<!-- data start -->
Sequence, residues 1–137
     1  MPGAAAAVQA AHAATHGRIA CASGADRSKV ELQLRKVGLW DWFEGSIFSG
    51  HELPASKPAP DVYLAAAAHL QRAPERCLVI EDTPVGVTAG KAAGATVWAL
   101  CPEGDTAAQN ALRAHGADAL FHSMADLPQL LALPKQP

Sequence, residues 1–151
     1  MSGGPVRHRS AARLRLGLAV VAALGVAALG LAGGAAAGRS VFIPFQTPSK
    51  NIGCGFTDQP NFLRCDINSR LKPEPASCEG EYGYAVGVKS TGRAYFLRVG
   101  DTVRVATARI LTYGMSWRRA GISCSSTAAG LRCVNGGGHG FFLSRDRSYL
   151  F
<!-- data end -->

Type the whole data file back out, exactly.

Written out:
Sequence, residues 1–137
     1  MPGAAAAVQA AHAATHGRIA CASGADRSKV ELQLRKVGLW DWFEGSIFSG
    51  HELPASKPAP DVYLAAAAHL QRAPERCLVI EDTPVGVTAG KAAGATVWAL
   101  CPEGDTAAQN ALRAHGADAL FHSMADLPQL LALPKQP

Sequence, residues 1–151
     1  MSGGPVRHRS AARLRLGLAV VAALGVAALG LAGGAAAGRS VFIPFQTPSK
    51  NIGCGFTDQP NFLRCDINSR LKPEPASCEG EYGYAVGVKS TGRAYFLRVG
   101  DTVRVATARI LTYGMSWRRA GISCSSTAAG LRCVNGGGHG FFLSRDRSYL
   151  F